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  • 1.
    Davidsson, Sabina
    et al.
    Örebro University, School of Medical Sciences. Department of Urology.
    Andrén, Ove
    Department of Urology, Faculty of Medicine and Health, Örebro University, Örebro, Sweden.
    Ohlson, Anna-Lena
    Department of Laboratory Medicine, Pathology, University Hospital Örebro, Örebro, Sweden.
    Carlsson, Jessica
    Örebro University, School of Medical Sciences. Örebro University Hospital. Department of Urology.
    Andersson, Swen-Olof
    Department of Urology, Faculty of Medicine and Health, Örebro University, Örebro, Sweden.
    Giunchi, Francesca
    Department of Hematology-Oncology, Molecular Pathology Laboratory, Addarii Institute of Oncology, University of Bologna, Bologna, Italy.
    Rider, Jennifer R.
    Department of Epidemiology, Boston University School of Public Health, Boston, Massachusett, USA.
    Fiorentino, Michelangelo
    Department of Hematology-Oncology, Molecular Pathology Laboratory, Addarii Institute of Oncology, University of Bologna, Bologna, Italy.
    FOXP3+ regulatory T cells in normal prostate tissue, postatrophic hyperplasia, prostatic intraepithelial neoplasia, and tumor histological lesions in men with and without prostate cancer2018In: The Prostate, ISSN 0270-4137, E-ISSN 1097-0045, Vol. 78, no 1, 40-47 p.Article in journal (Refereed)
    Abstract [en]

    BACKGROUND: The tumor promoting or counteracting effects of the immune response to cancer development are thought to be mediated to some extent by the infiltration of regulatory T cells (Tregs ). In the present study we evaluated the prevalence of Treg populations in stromal and epithelial compartments of normal, post atrophic hyperplasia (PAH), prostatic intraepithelial neoplasia (PIN), and tumor lesions in men with and without prostate cancer.

    METHODS: Study subjects were 102 men consecutively diagnosed with localized prostate cancer undergoing radical prostatectomy and 38 men diagnosed with bladder cancer undergoing cystoprostatectomy without prostate cancer at the pathological examination. Whole mount sections from all patients were evaluated for the epithelial and stromal expression of CD4+ Tregs and CD8+ Tregs in normal, PAH, PIN, and tumor lesions. A Friedmańs test was used to investigate differences in the mean number of Tregs across histological lesions. Logistic regression was used to estimate crude and adjusted odds ratios (OR) for prostate cancer for each histological area.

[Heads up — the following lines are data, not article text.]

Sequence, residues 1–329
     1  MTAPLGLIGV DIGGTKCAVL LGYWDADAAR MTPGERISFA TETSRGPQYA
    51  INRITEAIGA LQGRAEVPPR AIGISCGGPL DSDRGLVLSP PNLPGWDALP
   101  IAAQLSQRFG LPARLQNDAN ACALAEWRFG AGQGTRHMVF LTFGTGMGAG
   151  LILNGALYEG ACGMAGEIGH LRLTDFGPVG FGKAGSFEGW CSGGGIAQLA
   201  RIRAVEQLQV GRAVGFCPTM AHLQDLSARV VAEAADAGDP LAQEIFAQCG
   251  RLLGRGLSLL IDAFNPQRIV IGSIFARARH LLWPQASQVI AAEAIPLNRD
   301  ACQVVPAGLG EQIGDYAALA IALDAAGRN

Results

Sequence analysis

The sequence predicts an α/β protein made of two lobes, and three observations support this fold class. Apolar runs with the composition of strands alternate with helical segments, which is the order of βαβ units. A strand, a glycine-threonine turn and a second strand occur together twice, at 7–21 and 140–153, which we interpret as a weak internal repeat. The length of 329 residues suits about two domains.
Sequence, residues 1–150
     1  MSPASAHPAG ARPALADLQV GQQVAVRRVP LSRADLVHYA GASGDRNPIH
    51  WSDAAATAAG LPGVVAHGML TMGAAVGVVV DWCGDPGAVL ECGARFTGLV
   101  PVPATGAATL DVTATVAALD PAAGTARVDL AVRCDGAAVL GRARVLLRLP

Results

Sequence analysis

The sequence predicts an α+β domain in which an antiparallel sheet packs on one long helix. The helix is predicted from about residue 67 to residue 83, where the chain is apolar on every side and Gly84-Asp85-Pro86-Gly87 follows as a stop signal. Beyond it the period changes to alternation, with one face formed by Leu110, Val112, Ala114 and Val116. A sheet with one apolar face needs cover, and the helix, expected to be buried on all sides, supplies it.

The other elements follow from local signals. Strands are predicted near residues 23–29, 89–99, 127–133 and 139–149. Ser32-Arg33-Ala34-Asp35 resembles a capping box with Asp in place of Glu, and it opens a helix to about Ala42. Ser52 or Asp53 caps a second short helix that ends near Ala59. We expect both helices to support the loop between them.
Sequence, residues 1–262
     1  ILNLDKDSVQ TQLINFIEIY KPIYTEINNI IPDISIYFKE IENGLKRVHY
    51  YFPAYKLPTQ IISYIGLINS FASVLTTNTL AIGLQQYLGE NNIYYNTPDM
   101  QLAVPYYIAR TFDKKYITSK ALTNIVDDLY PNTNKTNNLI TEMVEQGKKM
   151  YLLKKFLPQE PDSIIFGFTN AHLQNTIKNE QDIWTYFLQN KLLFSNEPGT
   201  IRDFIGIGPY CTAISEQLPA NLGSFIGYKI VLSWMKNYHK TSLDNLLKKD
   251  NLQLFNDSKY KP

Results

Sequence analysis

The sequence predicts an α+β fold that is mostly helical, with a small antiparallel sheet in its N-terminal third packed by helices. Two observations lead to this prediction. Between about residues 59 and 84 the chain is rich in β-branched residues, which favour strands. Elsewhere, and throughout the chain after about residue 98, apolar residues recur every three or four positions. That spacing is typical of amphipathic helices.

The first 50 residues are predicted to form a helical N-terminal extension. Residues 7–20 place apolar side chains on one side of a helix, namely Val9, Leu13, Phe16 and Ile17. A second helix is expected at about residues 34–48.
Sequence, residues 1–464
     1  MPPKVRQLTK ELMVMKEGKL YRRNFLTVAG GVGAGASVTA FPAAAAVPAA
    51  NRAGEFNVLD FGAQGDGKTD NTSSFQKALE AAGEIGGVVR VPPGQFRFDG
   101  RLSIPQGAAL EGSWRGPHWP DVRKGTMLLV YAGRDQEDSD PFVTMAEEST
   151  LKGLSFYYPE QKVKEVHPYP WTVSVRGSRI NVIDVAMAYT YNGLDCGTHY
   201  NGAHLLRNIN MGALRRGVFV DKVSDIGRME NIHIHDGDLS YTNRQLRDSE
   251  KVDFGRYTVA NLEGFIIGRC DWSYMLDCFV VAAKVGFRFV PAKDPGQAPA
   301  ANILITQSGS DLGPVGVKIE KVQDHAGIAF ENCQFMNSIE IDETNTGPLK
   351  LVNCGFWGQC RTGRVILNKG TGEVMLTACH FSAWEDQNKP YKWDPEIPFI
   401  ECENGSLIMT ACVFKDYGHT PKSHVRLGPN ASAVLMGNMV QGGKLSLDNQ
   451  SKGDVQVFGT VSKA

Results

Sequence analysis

RESULTS: In men with prostate cancer, similarly high numbers of stromal CD4+ Tregs were identified in PAH and tumor, but CD4+ Tregs were less common in PIN. Greater numbers of epithelial CD4+ Tregs in normal prostatic tissue were positively associated with both Gleason score and pT-stage. We observed a fourfold increased risk of prostate cancer in men with epithelial CD4+ Tregs in the normal prostatic tissue counterpart.

    CONCLUSIONS: Our results may suggest a possible pathway through which PAH develops directly into prostate cancer in the presence of CD4+ Tregs and indicate that transformation of the anti-tumor immune response may be initiated even before the primary tumor is established.

  • 2.
    Fall, Katja
    et al.
    Department of Medical Epidemiology and Biostatistics, Karolinska Institutet, Stockholm; Department of Epidemiology, Harvard School of Public Health, Boston, USA; Channing Laboratory, Department of Medicine, Brigham and Women's Hospital and Harvard Medical School, Boston, USA.
    Stark, J. R.
    Department of Epidemiology, Harvard School of Public Health, Boston, USA; Channing Laboratory, Department of Medicine, Brigham Women’s Hospital and Harvard Medical School, Boston, USA.
    Mucci, L. A.
    Department of Epidemiology, Harvard School of Public Health, Boston, USA; Channing Laboratory, Department of Medicine, Brigham and Women’s Hospital and Harvard Medical School, Boston, USA.
    Chan, J.
    Departments of Epidemiology & Biostatistics and Urology, University of California, San Francisco, USA.
    Stampfer, M. J.
    Department of Epidemiology, Harvard School of Public Health, Boston, USA; Channing Laboratory, Department of Medicine, Brigham and Women’s Hospital and Harvard Medical School, Boston, USA.
    Kurth, T.
    Department of Epidemiology, Harvard School of Public Health, Boston, USA; Division of Preventive Medicine, Department of Medicine, Brigham and Women’s Hospital and Harvard Medical School, Boston, USA.
    Febbo, P. G.
    Duke University School of Medicine, Durham, USA.
    Kantoff, P.
    Division of Solid Tumor Oncology, Dana-Farber Cancer Institute, Boston, USA.
    Ma, J.
    Department of Epidemiology, Harvard School of Public Health, Boston, USA; Channing Laboratory, Department of Medicine, Brigham and Women’s Hospital and Harvard Medical School, Boston, USA.
    No association between a polymorphic variant of the IRS-1 gene and prostate cancer risk2008In: The Prostate, ISSN 0270-4137, E-ISSN 1097-0045, Vol. 68, no 13, 1416-20 p.Article in journal (Refereed)
    Abstract [en]

    Objective: Insulin receptor substrate-1 (IRS-1) acts as a docking protein between the insulin-like growth factor-1 (IGF-1) receptor and intracellular signaling molecules in the IGF-1 signaling pathway. Accumulating data support a role of IGF-1 in prostate carcinogenesis. We assessed the influence of the most common IRS-1 gene polymorphism (Gly972Arg) on prostate cancer risk, alone and in combination with IGF-1 and other components in the IGF-1 signaling pathway.